Changing the power structure

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To say we are living in sad and dangerous times is an understatement.  The rage of 400 years, the rage of 3.5 years, has erupted onto the streets. 

The murder of George Floyd was absolutely terrible. But the way various Americans responded to it might offer the chance of hope for the beginning of change. The first part of that change is understanding the outrage and mindset of our fellow citizens. 

While I don’t have all the answers, let me offer this: peaceful protest must be protected. Those who wish to be opportunistic and destroy our country and its businesses in order to create anarchy must be stopped. Those who take advantage of a volatile situation and loot must be arrested, but we also must understand our country’s socio-economic poverty and take steps to address it.  Then a dialogue can begin. But change does not come overnight, and that work will go on for years.  What can that change look like?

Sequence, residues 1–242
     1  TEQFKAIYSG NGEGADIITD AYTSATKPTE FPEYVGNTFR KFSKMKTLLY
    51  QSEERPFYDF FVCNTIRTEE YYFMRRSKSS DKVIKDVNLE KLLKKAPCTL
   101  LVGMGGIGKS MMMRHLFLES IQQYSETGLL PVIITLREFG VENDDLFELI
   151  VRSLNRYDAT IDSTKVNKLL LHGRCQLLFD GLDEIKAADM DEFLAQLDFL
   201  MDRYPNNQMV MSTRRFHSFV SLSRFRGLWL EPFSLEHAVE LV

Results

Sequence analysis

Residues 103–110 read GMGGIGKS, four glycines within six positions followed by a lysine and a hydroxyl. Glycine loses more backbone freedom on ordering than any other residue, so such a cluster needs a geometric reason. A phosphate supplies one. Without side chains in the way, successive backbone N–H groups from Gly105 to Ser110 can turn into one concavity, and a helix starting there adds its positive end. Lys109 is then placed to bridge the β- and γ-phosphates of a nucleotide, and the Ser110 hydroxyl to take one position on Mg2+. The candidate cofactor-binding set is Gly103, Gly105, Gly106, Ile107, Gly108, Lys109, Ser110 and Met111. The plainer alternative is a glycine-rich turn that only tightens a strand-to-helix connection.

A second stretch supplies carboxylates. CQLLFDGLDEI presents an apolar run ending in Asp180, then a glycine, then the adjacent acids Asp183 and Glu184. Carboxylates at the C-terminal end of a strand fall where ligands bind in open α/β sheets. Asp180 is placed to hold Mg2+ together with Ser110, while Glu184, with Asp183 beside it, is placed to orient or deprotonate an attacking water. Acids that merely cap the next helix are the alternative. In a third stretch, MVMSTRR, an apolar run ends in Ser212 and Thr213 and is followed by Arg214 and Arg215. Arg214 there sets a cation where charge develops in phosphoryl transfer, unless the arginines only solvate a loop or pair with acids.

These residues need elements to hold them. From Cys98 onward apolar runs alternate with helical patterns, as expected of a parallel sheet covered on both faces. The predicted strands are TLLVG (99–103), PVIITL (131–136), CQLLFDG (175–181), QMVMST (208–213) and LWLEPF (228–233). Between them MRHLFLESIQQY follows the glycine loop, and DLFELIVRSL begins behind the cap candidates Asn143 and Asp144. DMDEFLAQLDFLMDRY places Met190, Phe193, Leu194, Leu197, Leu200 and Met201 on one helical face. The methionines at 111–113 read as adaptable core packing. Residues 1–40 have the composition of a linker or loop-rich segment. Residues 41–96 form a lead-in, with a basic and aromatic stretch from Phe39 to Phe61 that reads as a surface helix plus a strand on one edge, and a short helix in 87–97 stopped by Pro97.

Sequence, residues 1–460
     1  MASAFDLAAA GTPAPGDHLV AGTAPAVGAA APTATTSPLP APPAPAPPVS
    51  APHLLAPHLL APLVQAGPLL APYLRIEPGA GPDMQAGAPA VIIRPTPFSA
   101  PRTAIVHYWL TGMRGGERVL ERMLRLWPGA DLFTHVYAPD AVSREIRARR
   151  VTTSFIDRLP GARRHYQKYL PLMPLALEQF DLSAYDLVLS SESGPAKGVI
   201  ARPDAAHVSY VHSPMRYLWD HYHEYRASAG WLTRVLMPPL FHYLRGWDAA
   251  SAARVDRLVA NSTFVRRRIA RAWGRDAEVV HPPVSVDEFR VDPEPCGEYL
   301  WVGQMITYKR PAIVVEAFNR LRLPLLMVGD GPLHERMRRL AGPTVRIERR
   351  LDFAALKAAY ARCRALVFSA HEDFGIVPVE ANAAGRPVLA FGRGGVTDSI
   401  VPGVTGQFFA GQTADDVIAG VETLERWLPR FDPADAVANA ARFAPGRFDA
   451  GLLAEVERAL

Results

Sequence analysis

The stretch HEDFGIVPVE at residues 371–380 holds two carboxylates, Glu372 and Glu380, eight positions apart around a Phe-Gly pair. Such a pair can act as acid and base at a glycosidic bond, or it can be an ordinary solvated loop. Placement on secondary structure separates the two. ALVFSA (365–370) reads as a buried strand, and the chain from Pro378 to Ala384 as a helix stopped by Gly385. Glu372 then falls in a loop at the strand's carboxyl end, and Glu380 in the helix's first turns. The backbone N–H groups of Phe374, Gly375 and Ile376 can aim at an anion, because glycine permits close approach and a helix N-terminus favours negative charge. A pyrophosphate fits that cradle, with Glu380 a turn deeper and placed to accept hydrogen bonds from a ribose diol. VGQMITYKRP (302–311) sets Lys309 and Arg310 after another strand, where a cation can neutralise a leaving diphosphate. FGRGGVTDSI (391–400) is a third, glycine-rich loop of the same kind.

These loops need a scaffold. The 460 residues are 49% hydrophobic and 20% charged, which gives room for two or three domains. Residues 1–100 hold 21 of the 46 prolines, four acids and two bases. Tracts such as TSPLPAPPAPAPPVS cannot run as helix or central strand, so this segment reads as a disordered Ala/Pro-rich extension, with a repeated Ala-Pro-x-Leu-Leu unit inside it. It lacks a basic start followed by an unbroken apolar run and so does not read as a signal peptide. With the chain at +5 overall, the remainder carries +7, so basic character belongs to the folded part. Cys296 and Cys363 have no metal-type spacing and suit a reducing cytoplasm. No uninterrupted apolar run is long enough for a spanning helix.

Allow citizens to overlook the powers of police and protect citizens against abuse.  Police should not be empowered to dominate a community. The answer to that is community policing. Police are not empowered to murder in cold blood. We need a deeper psychological review of those applying to be police officers and a firm limit to the number of complaints against an officer before they are dismissed. Finally, there must be a change in our criminal social justice system. Those are but a few beginning steps, but those steps cover rules and legislation. They do not cover deep-seated racism, not only in our political and economic system but also throughout our nation’s cultural identity.

The one image from the last week that expresses this well to me is that of a Black teenager. She said directly to the TV camera: “Because I am Black, I am frightened every day of my life.”  America needs to be a place where all of our children can feel secure, a place where they can grow up feeling they can prosper and be proud. America, we have work to do.